Thursday, July 31, 2008

Sunday in the Park with Joe

We had a lovely visit in New Haven with Joe and family. Well, New Haven was pretty muggy, but their apartment was pleasantly air-conditioned and it was great to have time to catch up with everyone.

Joe and I like to talk when we visit, and we managed to sneak a few longer conversations into the visit. Basically rehashing previous discussions, and I think (Joe can argue with me) realizing we were saying the same thing more or less, but in a different dialect. I think. Maybe. Ten days later and my memory grows dimmer... And those little kids are distracting.

Our main sticking point had to do with the idea of neutrality/arbitrariness. I like the former because to me it evokes Switzerland: there's nothing inherent in that patch of land that makes it "neutral," it's just agreed that it is, and so it functions usefully as a place intentionally outside of international alliances and conflicts. Joe likes arbitrary in part because of its root in "arbitration": an arbitrary decision is originally one reached through arbitration. But I think we realized we basically agree, that utter objectivity/neutrality is impossible, but that finding pidgins and setting arbitrary benchmarks allows people to work with one another.

Where the conversation really got interesting I think is where it veered into religion. It feels to me like a lot of the background to this blog is at root religious: the conflict between objectivists and subjectivists looks a lot like the conflicts between universalists and "specifists" in my Quaker meeting and in the world as a whole. To me, the point is not which one is right; the point is that both are necessary, and finding a Grand Theory of Everything should be the goal. That might look like nestling one inside the other, or explaining one as a social function and the other as a personal function, or one as temporally long term and the other as momentary.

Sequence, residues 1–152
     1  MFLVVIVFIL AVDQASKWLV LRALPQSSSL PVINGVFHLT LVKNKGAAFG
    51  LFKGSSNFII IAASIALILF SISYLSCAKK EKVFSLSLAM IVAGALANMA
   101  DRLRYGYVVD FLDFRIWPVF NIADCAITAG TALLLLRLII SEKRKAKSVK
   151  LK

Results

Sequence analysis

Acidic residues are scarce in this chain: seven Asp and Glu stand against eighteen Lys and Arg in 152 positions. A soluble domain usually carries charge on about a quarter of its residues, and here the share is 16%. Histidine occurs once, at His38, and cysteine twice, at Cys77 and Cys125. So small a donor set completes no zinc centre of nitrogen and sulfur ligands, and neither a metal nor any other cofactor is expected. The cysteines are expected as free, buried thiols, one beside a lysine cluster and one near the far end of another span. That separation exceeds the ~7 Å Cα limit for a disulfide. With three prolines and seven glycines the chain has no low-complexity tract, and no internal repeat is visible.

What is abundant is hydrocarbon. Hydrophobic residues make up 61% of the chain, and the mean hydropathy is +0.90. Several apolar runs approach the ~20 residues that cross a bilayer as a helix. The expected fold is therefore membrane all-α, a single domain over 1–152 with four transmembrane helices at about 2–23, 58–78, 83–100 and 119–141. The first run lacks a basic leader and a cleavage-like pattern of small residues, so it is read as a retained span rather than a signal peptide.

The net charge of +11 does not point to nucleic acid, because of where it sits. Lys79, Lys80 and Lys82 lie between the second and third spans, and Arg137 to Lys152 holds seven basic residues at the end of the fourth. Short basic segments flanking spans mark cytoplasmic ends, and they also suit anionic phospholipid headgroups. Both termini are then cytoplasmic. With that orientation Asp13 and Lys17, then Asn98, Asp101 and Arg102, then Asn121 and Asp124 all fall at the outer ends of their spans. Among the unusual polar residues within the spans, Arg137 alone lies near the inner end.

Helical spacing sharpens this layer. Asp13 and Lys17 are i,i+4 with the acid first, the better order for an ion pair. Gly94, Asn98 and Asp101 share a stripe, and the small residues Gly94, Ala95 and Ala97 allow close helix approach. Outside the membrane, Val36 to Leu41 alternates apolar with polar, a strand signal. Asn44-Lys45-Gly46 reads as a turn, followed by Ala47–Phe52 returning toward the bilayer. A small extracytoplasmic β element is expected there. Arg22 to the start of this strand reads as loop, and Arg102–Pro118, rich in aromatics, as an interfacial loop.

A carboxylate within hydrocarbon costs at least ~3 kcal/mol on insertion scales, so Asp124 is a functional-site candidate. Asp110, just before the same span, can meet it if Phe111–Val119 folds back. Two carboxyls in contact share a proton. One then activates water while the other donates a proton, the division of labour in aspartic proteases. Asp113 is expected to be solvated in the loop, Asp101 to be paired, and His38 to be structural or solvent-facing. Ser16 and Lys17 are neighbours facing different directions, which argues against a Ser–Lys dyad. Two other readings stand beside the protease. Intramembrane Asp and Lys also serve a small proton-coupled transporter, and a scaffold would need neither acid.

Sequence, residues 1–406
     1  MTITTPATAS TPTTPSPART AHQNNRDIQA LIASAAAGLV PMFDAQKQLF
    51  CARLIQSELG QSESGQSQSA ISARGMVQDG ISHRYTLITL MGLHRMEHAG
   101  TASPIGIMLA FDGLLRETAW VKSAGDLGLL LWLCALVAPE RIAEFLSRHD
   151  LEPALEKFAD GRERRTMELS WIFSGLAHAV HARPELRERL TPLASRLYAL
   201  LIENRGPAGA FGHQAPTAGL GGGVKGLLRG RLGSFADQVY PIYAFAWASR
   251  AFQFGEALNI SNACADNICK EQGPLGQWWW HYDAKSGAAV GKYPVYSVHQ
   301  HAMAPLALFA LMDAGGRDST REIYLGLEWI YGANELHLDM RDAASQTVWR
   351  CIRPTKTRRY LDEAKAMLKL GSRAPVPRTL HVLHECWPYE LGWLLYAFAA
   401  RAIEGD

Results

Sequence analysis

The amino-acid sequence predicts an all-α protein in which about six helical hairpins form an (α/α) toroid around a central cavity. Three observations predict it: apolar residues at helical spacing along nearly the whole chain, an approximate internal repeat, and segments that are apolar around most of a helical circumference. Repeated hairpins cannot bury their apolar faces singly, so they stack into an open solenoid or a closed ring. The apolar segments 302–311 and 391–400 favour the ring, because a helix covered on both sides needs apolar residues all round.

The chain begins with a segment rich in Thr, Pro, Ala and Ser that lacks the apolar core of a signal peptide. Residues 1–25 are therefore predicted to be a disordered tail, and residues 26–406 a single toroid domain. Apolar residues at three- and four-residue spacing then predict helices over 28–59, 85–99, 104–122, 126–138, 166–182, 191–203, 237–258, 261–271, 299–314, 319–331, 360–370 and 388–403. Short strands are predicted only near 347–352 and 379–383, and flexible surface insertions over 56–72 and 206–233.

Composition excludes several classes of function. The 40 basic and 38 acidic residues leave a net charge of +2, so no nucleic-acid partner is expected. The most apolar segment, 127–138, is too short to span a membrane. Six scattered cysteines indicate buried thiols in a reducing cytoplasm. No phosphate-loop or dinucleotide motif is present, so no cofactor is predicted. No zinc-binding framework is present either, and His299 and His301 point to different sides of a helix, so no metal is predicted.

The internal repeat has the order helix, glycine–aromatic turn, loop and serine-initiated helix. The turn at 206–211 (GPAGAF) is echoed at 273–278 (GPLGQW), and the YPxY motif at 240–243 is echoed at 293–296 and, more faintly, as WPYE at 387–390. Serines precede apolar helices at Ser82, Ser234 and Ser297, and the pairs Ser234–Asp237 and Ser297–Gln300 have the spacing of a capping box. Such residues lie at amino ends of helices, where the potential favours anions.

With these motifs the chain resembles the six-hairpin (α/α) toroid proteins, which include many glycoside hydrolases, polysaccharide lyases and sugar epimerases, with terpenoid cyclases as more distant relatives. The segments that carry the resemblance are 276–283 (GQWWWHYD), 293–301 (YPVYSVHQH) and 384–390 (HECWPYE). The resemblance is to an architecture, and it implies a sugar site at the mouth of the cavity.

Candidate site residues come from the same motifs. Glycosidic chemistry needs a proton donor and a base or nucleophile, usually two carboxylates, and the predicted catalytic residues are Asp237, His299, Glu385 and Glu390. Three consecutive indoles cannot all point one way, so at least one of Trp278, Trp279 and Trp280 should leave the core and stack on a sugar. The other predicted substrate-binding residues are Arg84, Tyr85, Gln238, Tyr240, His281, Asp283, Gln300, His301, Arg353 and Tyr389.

Who can say...


For jollies, I also attach a link Joe sent me from Archinect, trying to rethink the architectural plan, another orthographic representational school. A map really, of planned space. Anyway, some intriguing suggestions of how to turn the Plan on its head and bring it out of the camphor-filled cubbyhole it's been relegated to.

My only question as a cartographer is, where's the ground?

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